AK-975Cu is a compact little Intel socket 775 heatsink that stands no more than
77mm tall. It comes with a 70mm PWM fan that varies in speed from 1000-3500RPM,
and a convenient patch of pre-applied thermal compound on its base. The cooler
is based on a copper block with aluminum fins and a pair of copper heatpipes to
help distribute the heat to stubby cooling fins. All joints are soldered to
lower thermal resistance. Installation is a snap because the Akasa AK-975Cu uses Intel's standard push-to-lock retention clips.
The heatsink is compatible with socket 775 Intel Pentium D/4 and Core 2 Duo CPUs,
specifically in a 2U rack mountable chassis environment. If you recall, servers and
other rack mounted enclosures are packaged in boxes that conform to the 1U, 2U, 3U
etc. sizes. Each Unit of space is equivalent to 1.75" (44mm).
Generally, rack mounted enclosures utilized forced
air cooling, whereby air is drawn into the chassis at the front by a phalanx of
fans, and exhausted out the rear. Since heatsinks cannot exhaust up in such
closed enclosures, and given that the prevailing air currents are all moving
front to rear, exhausting down towards the motherboard can be inefficient. Thus
most heatsinks for 1U or 2U enclosures direct airflow tangentially over cooling
fins, as opposed to the more common impingement orientation used with desktop
computer thermal solutions.
Anyway, on with the review! The Akasa AK-975Cu is
clearly a no frills workhorse heatsink, and it retail for in the region of $20USD ($22CDN). Quite affordable really.
| Akasa AK-975Cu
| Model No.: AK-975Cu|
| Materials: Nickel plated aluminum fins, copper heatpipes, copper base|
| Fan Mfg: Akasa DFC701512M|
Fan Spec: 1000-3500RPM, 12V, 0.21A|
|Fan Dim: 15x70x70mm|
| Heatsink Dim: 77x56x89mm |
| Weight: est. 350 grams|
Includes: LGA775 mounting hardware, pre-applied
Compatible with Sockets: LGA775
|Est. Pricing: $20USD ($22CDN /
The Akasa AK-975Cu is a pretty simple design, but
the heatsink does rely upon two heatpipes. We're often asked to explain what
heatpipes do, and don't... Think of it this way, as heat energy
from the Intel processor reaches the two heatpipes, they move it from
one spot to another. That's all. Heatpipes don't actually "cool", they're just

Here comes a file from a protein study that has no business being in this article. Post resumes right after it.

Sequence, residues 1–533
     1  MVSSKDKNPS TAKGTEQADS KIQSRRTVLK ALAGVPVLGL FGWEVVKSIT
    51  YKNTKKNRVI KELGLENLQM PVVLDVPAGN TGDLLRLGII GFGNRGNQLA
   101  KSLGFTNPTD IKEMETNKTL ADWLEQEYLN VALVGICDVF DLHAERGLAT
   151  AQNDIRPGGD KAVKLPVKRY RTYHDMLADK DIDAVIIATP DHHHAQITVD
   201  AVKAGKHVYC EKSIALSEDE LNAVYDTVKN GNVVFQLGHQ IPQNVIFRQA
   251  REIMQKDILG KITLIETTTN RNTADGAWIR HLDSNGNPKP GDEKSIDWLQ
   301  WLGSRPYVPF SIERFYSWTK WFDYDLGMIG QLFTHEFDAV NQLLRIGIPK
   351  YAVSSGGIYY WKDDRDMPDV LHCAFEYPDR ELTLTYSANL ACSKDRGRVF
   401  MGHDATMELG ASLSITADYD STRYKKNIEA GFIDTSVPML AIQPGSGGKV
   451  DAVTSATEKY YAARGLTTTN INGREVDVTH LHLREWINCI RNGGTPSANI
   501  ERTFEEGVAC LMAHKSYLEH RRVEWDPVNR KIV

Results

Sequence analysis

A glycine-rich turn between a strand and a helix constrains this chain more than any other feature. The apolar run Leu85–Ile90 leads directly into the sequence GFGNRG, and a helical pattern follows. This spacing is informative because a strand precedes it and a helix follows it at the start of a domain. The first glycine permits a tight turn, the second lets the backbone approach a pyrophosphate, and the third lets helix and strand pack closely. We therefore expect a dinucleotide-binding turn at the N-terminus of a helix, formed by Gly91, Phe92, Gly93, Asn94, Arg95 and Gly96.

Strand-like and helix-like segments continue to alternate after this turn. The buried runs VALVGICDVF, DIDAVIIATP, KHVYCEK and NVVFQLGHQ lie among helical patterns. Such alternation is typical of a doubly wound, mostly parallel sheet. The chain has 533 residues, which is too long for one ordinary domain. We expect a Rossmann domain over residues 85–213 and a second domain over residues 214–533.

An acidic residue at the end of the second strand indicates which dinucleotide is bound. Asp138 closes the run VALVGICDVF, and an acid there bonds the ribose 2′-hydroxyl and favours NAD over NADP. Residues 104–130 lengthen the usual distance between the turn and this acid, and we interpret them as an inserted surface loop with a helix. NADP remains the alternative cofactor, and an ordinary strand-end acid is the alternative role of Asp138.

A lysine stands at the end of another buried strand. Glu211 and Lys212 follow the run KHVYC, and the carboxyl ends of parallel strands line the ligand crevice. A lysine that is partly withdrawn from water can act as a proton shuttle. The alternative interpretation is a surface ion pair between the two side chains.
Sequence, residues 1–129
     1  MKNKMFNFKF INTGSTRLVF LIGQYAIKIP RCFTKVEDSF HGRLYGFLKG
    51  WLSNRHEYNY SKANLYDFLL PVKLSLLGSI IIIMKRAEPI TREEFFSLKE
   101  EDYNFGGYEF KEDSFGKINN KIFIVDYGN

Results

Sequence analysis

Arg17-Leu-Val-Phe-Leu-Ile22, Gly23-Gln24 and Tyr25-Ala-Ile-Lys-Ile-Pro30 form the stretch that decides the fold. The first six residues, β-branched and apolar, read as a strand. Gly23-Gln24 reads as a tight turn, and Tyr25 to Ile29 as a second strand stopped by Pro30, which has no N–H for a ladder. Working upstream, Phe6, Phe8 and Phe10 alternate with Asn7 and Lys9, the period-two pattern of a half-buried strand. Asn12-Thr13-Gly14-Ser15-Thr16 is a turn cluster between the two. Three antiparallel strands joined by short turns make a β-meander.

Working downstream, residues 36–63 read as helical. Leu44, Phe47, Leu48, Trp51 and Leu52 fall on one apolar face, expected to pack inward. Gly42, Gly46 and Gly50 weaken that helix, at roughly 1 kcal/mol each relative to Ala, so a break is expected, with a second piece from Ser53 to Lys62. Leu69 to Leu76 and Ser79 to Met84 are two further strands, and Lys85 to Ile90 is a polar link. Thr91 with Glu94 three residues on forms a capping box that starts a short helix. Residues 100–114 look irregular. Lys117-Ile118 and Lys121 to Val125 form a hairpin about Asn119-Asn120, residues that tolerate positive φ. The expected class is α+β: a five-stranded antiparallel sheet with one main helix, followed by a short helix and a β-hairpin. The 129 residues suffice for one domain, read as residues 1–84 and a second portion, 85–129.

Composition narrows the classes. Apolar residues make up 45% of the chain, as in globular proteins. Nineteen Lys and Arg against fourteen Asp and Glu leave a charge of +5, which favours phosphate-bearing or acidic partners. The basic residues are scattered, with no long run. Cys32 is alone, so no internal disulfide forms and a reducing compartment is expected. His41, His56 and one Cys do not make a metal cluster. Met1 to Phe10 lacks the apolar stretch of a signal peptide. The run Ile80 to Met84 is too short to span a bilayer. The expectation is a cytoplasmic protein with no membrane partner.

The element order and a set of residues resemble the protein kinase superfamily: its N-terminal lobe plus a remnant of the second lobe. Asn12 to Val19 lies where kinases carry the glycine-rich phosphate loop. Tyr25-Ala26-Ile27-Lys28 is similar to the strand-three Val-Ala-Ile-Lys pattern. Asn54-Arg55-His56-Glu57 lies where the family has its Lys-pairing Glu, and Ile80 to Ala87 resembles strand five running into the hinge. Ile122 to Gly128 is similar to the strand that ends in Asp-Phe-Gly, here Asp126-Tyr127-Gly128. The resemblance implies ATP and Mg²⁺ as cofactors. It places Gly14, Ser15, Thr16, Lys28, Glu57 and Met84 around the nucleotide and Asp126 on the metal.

very efficient at moving heat from one location to another, where fins or
other heat exchangers do the actual "cooling" work.
On the inside of
the heatpipes a working fluid absorbs the latent heat from the processor, causing it to
undergo a change of phase. In our daily lives, water boils at 100°C, but as
pressure is decreased the temperature gradient required to make water convert to vapour
also drops. This is the foundation of the principle used with heatpipes.
Anyway, the working fluid inside converts to vapour as the temperature of the
evaporator (hot side) of heatpipe increases. The liquid vapour is drawn towards
the cooler end of the heatpipe where it condenses. As the hot vapour cools back
into a liquid, the heat energy it stored is transferred back to the metal, but
this time it is the surrounding cooling fins of the heatsink.
The condensed vapour, now working fluid once again, is
drawn back towards the hot evaporator end of the tube by capillary action along
an internal wick structure. As the liquid reaches the hot end once more, the
entire process repeats itself.
The Akasa AK-975Cu
heatsink will be tested on
FrostyTech's Intel LGA775 version of the Mk.II
synthetic thermal temperature test platform, and
compared against several reference LGA775 heatsinks. The test methodology is outlined in detail
here if you'd like to know what equipment is
used, and the parameters under which the tests are conducted. Now let's move
forward and take a closer look at this heatsink.
| 360° View - Akasa AK-975Cu
Information on Frostytech's test
methodology is available
The Heatsink Fan:
The Akasa AK-975cu heatsink stands 77mm high.
It's low profile makes it ideal for 2U server chassis. The 70mm PWM fan spins at 1000-3500RPM.
The fan connects by a 4-pin PWM fan power cable, and is backwards compatible with 3-pin connectors if that's
heatsink is a very simple unit; just two 6mm diameter copper heat pipes soldered to
forty or so nickel plated aluminum fins. The fins are a good 41mm deep, and the body no more than
67mm across. Intel's push-to-click through motherboard hole retention clips are used, allowing quick installation and removal.
Machine screws hold the 70mm fan in
place, flush with the edges of the vertical aluminum fins. The copper heat pipes rise up
47mm before threading their way through the fins of the heatsink. Each
fin is 0.4mm thick and spaced 1.40mm apart. The heatpipes are recessed into the
copper base slightly, which measures 6.4mm thick itself over the CPU.
Here we can see how the heatpipes are positioned slightly off-center on the
body of the heatsink. One heatpipe is tilted towards the front, while the other remains
straight. Both copper heatpipes are soldered to the nickel plated aluminum fins and copper base. Furthermore, the aluminum
fin assembly is soldered to the copper base of the Akasa AK-975Cu heatsink.
Heatsink Side A:
On the whole, the Akasa AK-975Cu is a very compact heatsink. It has to be to fit in the confined spaces of a 2U rack mountable chassis. Each heatpipe is recessed about 3mm into the copper base, but curiously
they are set to the rear of the heatsink instead of being centered over the space where the Intel IHS
makes direct contact.
The base of the Akasa AK-975Cu measures 38x40mm in size and comes with a pre-applied patch of grey thermal compound. The copper
has a light sanded surface finish and is flat in both axis.
Surface roughness is on the order of ~48 microinches, which is considered
good. The heatsink does not come with K8 mounting hardware, which by
the looks it is an option.